Training Indoors: An interview with Bryan Taylor

Verve Cycling’s Founder and CEO, Bryan Taylor, spends extended periods of the year training indoors. Here, he gives an insight into how he adapts when it’s not possible to cycle outside.

Bryan Taylor

Bryan, you train indoors for a period each year – how much of the year do you normally spend training indoors?

I have to train indoors for extended periods depending on the Alpine weather, but generally it would be all indoors from November through to March with partially indoors either side of this.

Is this a time of getting fit, losing fitness or maintaining fitness?

In normal times, it is a matter of maintainance until Christmas – a loss of fitness and form during the break and then a desperate attempt to get fit again before the outdoor season. So it is a real mix and the exercises and duration are designed to meet the circumstances.

What system do you have to get you through such a long time of indoor riding?

System is a good word.  It is not just the set-up – fans and TV screens and trainers – but how I keep myself occupied and interested in doing what has to be done for months on end. I can say from the outset that I prefer to ride outside – I only ride inside because I have to. Having said that, I am quite purposeful in everything I do, and so yes, I have a system.

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The system starts with varied training devices and set-ups. I have two sets of rollers, one set, just mechanical and another set which incorporates a smart system. We also have a smart ‘wheels on’ trainer, but if I am not using the rollers, I normally us an air trainer called a RevBox. We also have a rowing trainer and an exercise mat, but I really don’t do anywhere near as much work on those as I should.

What about the Indoor training systems such as Zwift?  Do you use those?

Yes, I do! I am very particular about my use of these and have now settled on just two programmes; Zwift and Sufferfest. I use Sufferfest for training – specific exercises or intervals to achieve my weekly/monthly targets. I use Zwift for endurance training and usually do that by joining races. Just riding, I find too boring with either programme and only use that mode on recovery rides and my limit is about 30 minutes.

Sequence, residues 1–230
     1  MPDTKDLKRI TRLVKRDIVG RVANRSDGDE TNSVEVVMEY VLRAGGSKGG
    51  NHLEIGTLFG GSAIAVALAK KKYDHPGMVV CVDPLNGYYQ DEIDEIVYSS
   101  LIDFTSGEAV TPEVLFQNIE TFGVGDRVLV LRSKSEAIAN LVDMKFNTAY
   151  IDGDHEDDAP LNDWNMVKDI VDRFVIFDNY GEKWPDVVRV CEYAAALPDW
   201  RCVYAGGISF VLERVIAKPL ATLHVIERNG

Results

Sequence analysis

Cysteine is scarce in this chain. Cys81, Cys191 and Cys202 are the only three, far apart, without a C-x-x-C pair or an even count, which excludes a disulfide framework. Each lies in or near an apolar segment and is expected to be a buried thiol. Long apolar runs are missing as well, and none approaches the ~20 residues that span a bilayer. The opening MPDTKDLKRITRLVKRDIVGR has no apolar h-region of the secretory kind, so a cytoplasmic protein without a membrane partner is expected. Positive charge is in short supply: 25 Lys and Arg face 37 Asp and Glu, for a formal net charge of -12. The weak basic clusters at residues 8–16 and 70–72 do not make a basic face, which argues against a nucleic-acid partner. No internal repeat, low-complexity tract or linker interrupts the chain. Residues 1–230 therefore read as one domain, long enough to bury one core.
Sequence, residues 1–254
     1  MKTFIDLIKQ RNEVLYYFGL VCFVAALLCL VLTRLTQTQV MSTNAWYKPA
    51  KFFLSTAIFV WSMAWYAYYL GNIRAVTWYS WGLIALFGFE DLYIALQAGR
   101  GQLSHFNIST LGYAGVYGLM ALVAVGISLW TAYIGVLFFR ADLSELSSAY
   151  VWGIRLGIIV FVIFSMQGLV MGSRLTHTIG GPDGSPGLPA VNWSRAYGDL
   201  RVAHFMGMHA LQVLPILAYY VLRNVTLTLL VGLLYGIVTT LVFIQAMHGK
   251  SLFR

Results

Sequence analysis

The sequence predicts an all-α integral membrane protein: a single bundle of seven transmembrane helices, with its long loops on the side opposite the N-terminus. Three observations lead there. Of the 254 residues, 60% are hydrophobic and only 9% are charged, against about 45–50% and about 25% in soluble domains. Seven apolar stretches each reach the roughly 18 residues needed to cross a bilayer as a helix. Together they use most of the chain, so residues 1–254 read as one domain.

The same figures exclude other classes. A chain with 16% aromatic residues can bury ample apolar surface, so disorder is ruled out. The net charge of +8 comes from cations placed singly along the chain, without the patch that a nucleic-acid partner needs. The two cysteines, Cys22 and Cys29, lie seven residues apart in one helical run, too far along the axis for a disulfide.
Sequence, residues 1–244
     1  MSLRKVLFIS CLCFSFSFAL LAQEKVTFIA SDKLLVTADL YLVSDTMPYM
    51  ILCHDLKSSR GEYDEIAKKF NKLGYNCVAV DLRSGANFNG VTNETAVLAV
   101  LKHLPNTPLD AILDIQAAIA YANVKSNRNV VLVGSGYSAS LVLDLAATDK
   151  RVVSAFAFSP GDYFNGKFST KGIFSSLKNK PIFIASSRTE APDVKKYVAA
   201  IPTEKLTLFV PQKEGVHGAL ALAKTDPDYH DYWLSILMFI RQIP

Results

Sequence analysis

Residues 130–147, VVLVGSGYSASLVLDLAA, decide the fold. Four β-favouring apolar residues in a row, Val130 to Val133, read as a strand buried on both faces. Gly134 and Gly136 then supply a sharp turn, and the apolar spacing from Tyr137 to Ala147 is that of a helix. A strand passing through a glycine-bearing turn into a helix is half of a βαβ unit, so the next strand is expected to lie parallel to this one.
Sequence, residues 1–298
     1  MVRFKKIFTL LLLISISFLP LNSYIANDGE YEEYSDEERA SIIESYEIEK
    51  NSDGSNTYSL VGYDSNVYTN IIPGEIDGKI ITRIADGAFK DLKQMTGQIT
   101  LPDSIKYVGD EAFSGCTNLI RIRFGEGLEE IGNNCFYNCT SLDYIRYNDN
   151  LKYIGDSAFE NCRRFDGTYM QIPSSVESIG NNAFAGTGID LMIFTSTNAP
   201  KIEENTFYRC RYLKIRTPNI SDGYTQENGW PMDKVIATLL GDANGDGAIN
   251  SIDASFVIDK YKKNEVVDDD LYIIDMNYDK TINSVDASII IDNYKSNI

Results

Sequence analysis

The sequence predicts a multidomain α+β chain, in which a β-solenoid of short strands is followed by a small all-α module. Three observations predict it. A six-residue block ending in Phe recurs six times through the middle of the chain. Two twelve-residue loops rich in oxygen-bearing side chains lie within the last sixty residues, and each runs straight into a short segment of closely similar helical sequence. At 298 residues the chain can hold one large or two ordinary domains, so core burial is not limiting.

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How much time do you spend training in the indoor season?

My aim is to carry over much of my long term endurance fitness from season to season and I usually give it a kick start early in the year by attending a camp or putting in a heavy week or 10 days.

That means that my indoor is then used to work on my form (how I am pedalling) and on my leg speed and my high speed work, both aerobic and anaerobic. Working like this actually keeps me quite fit, but does not bore or tire me out generally.

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What is the key thing you do that makes a difference?

I use InfoCrank measurement for everything I do. Even when using a smart trainer or the rollers, at most I only use them for the resistance, not for power measurement. Their power measurement is so far off real, it is amazing. I use the InfoCrank so that regardless of what I am doing I can compare in absolute and Wkg terms the whole time. I want to see if I am improving, whether it is just in the mind or just bad measurement. This also allows me to compare directly with my outside power.

How does that work in practice?